Dumbledore was the only wizard Voldemort ever feared. Dumbledore certainly knew that he could be a great asset to the upcoming wizarding war against Voldemort.

After learning that he was going to die because of the curse, he planned his own death. That's fine, but, why didn't he create his own Horcruxes to secretly return later? Talking about the required murder, he could always kill bad guys like Death Eaters. When it comes to effects of dark magic, this is one sacrifice he could do for the greater good.

  • 8
    That is... like... totally not Dumbledore's way of doing things.
    – Jenayah
    Jan 27, 2019 at 18:57
  • 3
    In many systems of magic, using Dark Arts has an impact on the user, and even someone using them with the best of intentions can be affected. It's possible that Dumbledore might become a danger on the same level as Voldemort if he did this.
    – RDFozz
    Jan 27, 2019 at 19:13
  • Related: scifi.stackexchange.com/questions/131650/…
    – Alex
    Jan 29, 2019 at 19:16

5 Answers 5


He had many reasons he’d never do that.

Though he knew of their existence, Dumbledore wouldn’t create any Horcruxes for several reasons.

Dumbledore planned on his own death.

Dumbledore had been expecting that he would die since before he was cursed by the Horcrux - that he had a curse that would kill him only made his plan more straightforward, and ensured he’d need to die soon. His plans accounted for his death, so staying alive through Horcruxes wouldn’t do anything to contribute to it.

“Well, really, this makes matters much more straightforward.’

Snape looked utterly perplexed. Dumbledore smiled.

‘I refer to the plan Lord Voldemort is revolving around me. His plan to have the poor Malfoy boy murder me.”
- Harry Potter and the Deathly Hallows, Chapter 33 (The Prince’s Tale)

He also wouldn’t need to stay alive to advise others, as he was able to give Snape instructions through his portrait, Harry had all the information Dumbledore wanted him to, and few others were involved - the Order wasn’t involved at all.

“And the scene shifted. Now, Harry saw Snape talking to the portrait of Dumbledore behind his desk.

‘You will have to give Voldemort the correct date of Harry’s departure from his aunt and uncle’s,’ said Dumbledore.”
- Harry Potter and the Deathly Hallows, Chapter 33 (The Prince’s Tale)

Therefore, Dumbledore staying alive through use of Horcruxes wouldn’t give him any practical advantage over the plans he already set in motion to defeat the Dark Lord.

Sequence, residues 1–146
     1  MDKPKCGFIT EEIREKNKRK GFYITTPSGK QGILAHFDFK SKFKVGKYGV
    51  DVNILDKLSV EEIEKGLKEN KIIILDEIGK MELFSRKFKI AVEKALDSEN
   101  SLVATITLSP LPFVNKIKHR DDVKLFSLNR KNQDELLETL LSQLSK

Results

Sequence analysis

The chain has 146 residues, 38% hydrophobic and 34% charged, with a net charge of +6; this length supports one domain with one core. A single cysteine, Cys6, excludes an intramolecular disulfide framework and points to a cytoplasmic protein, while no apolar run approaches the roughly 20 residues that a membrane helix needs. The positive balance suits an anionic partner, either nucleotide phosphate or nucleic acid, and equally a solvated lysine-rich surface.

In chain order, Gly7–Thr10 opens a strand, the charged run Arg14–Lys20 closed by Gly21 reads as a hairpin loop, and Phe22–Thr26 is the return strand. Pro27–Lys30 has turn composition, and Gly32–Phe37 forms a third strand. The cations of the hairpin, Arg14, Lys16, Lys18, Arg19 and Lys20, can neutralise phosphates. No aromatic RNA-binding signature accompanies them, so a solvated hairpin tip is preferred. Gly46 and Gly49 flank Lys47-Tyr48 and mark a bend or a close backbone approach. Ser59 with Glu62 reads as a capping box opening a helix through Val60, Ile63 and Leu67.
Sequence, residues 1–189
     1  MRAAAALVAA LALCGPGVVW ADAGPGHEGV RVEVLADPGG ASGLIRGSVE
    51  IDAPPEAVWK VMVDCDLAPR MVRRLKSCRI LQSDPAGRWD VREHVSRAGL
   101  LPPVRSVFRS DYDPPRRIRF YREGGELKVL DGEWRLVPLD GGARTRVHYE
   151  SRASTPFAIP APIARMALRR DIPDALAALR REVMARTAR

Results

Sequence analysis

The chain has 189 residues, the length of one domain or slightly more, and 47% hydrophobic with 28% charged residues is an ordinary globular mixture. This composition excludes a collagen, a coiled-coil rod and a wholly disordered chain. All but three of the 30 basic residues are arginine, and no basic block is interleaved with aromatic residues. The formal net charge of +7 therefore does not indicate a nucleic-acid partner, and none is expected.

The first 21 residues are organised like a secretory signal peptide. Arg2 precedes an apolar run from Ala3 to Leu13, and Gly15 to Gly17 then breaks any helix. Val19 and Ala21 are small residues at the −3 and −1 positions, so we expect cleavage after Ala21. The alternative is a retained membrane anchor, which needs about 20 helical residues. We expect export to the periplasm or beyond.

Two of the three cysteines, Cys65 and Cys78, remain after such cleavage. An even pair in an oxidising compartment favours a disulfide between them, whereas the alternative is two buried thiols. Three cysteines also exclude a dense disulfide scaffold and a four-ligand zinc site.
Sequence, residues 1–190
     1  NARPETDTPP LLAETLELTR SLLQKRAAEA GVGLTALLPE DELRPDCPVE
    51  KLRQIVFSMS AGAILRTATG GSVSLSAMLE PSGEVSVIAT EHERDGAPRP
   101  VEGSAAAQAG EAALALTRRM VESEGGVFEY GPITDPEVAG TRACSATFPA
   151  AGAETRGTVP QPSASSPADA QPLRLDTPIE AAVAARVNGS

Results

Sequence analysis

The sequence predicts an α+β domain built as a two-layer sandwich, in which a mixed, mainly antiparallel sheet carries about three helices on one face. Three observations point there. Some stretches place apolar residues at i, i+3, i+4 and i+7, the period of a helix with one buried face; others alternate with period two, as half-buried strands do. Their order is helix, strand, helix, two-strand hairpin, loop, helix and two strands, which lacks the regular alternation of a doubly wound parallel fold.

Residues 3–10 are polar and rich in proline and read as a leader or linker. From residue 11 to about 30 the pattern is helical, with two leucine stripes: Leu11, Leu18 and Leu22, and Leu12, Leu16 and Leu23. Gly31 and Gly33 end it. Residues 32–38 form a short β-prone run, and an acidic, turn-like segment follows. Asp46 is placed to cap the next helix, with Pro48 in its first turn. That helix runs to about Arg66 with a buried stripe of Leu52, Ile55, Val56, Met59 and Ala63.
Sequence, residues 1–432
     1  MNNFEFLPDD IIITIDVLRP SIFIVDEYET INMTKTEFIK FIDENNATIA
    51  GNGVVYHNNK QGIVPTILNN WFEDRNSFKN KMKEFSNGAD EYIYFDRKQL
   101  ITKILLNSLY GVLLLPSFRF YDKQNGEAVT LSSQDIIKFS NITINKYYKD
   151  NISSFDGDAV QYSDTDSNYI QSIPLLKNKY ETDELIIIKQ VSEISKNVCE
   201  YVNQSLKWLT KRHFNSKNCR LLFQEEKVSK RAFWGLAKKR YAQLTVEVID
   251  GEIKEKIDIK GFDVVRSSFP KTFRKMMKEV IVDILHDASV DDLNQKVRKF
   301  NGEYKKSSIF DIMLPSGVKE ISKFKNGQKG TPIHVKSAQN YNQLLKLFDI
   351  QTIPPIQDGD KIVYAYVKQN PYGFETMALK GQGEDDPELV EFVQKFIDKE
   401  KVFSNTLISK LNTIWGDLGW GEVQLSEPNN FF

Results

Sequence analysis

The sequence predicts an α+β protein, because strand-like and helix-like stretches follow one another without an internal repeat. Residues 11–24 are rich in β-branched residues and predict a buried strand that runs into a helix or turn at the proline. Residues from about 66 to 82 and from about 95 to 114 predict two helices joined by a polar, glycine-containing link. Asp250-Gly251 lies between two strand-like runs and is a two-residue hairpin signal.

Horcruxes were too Dark for Dumbledore.

Additionally, Dumbledore would be unwilling to use magic as Dark as creating a Horcrux. As Dumbledore himself explains in his notes for “The Warlock’s Hairy Heart”, splitting the soul is itself a Dark act and can have serious consequences.

“The resemblance of this action to the creation of a Horcrux has been noted by many writers. Although Beedle’s hero is not seeking to avoid death, he is dividing what was clearly not meant to be divided — body and heart, rather than soul — and in doing so, he is falling foul of the first of Adalbert Waffling’s Fundamental Laws of Magic:

Tamper with the deepest mysteries — the source of life, the essence of self — only if prepared for consequences of the most extreme and dangerous kind.
- The Tales of Beedle the Bard

Additionally, it requires a murder.

‘By an act of evil – the supreme act of evil. By committing murder. Killing rips the soul apart. The wizard intent upon creating a Horcrux would use the damage to his advantage: he would encase the torn portion –”
- Harry Potter and the Half-Blood Prince, Chapter 23 (Horcruxes)

Murders are, in essence, neither justified, necessary nor have good intentions - Dumbledore implies a mercy killing wouldn’t harm Snape’s soul.

“If you don’t mind dying,’ said Snape roughly, ‘why not let Draco do it?’

‘That boy’s soul is not yet so damaged,’ said Dumbledore. ‘I would not have it ripped apart on my account.’

‘And my soul, Dumbledore? Mine?’

‘You alone know whether it will harm your soul to help an old man avoid pain and humiliation,’ said Dumbledore.”
- Harry Potter and the Deathly Hallows, Chapter 33 (The Prince’s Tale)

So, Dumbledore wouldn’t consider it morally justified.

  • 1
    His plans accounted for his death, so staying alive through Horcruxes wouldn’t do anything to contribute to it. ~> He could still die and come back secretly. Jan 28, 2019 at 3:14
  • 1
    He also wouldn’t need to stay alive to advise others, as he was able to give Snape instructions through his portrait ~> Portrait just had knowledge and it couldn't offer creative solutions. Besides, Dumbledore could also be useful in battlefield. Jan 28, 2019 at 3:16
  • 1
    @SS Yes, he could, but since he had no practical reason to need to stay alive and doing so would require extremely Dark magic that Dumbledore believed was morally wrong, he wouldn’t choose to do so.
    – Obsidia
    Jan 28, 2019 at 3:18
  • There is no evidence that "Dumbledore had been expecting that he would die since before he was cursed by the Horcrux", beyond the fact that we all expect to die eventually. Jan 28, 2019 at 6:51
  • 1